NOTE: While a damaged or torn CV boot is almost always to blame for a failed CV joint, like any part, CV joints can wear out over time. As the joint ages and wears, tight tolerances give way to added space opening up between the moving parts of the joint. As space between the parts increases the parts begin to bang against each other and after awhile they break.
Symptoms of a Bad or Failing CV Joint
A bad or failing CV joint will oftentimes make a clicking, popping or grinding noise, especially when turning. At low speed, a bad CV joint may make a steady knocking sound every couple of seconds or so. A bad CV joint can also cause a vibration that is felt in the steering wheel and floorboard of the vehicle - this may happen only at certain speeds.
INSPECTING a CV Axle and Checking/Testing a CV Axle
A routine inspection of the CV axles and CV boots and checking/testing a CV axle you suspect of being bad are two different processes. Below is an explanation.
Routine CV Axle Inspection
Inspecting a CV axle involves a visual check of the CV boots. In most instances, all you will need is a flashlight.
Follow these Steps...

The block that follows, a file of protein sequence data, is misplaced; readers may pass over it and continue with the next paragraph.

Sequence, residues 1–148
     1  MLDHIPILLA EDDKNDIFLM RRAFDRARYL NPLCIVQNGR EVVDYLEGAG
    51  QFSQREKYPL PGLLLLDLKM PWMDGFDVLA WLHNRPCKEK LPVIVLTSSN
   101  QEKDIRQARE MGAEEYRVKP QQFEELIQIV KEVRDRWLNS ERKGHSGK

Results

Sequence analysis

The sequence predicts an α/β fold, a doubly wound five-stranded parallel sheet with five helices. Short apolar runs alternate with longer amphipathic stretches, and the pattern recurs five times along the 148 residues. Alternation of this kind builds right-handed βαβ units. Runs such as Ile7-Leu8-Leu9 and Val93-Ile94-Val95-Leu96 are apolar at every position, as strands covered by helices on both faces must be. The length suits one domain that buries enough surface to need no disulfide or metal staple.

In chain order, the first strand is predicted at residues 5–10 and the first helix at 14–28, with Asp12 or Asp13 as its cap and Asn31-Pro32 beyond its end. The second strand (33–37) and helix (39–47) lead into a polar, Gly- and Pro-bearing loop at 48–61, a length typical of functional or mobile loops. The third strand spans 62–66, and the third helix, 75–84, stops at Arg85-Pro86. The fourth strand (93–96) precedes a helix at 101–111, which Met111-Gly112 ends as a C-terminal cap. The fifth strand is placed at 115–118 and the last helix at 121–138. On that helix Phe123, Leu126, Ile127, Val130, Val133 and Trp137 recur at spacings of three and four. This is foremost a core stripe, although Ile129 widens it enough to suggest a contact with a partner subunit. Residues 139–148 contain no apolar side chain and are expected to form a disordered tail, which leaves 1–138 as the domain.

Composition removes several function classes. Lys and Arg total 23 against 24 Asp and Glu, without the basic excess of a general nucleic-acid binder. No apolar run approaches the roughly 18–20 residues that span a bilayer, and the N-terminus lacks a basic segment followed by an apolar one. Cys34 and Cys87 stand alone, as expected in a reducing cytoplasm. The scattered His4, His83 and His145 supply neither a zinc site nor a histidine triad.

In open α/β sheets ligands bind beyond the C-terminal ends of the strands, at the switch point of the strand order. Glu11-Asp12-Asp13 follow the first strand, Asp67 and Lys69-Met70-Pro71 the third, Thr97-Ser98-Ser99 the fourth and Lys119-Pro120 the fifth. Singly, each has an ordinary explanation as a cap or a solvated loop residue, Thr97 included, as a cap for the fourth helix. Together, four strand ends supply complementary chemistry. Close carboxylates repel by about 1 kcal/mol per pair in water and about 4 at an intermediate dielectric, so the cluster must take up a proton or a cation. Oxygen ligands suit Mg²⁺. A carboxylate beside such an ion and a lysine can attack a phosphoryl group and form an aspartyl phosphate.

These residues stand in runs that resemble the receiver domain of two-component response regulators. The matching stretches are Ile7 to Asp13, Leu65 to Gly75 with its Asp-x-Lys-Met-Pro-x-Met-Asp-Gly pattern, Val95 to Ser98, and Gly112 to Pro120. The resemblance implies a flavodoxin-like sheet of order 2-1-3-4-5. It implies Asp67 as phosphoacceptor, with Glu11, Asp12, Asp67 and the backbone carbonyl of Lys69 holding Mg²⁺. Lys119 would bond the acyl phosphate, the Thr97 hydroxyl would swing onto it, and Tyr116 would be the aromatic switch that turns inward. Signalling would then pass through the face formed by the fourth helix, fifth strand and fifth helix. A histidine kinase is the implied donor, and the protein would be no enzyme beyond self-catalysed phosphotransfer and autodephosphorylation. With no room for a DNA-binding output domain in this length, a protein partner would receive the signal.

Checking/Testing a CV Axle You Suspect of Being Bad
Checking and testing a CV axle you suspect of being bad or beginning to fail involves a visual inspection, a movement test and a drive test.
Follow these Steps...
BEFORE replacing a CV boot, you must first determine the condition of the CV joint.
When the grease is expelled out of a CV joint due to a damaged or torn CV boot, the joint will begin to wear much faster and will soon fail. Once the CV joint is damaged, packing the joint with new grease and installing a new CV boot will not repair the already damaged CV joint. The only remedy for a damaged CV joint is replacing the CV axle. So, before repacking a CV joint with new grease and installing a new CV boot, you must first determine the condition of the CV joint.
How to Determine the Condition of a CV Joint
1. Using a bright flashlight, look inside the damaged or torn CV boot. Look closely at the CV joint - is there still some grease in the joint?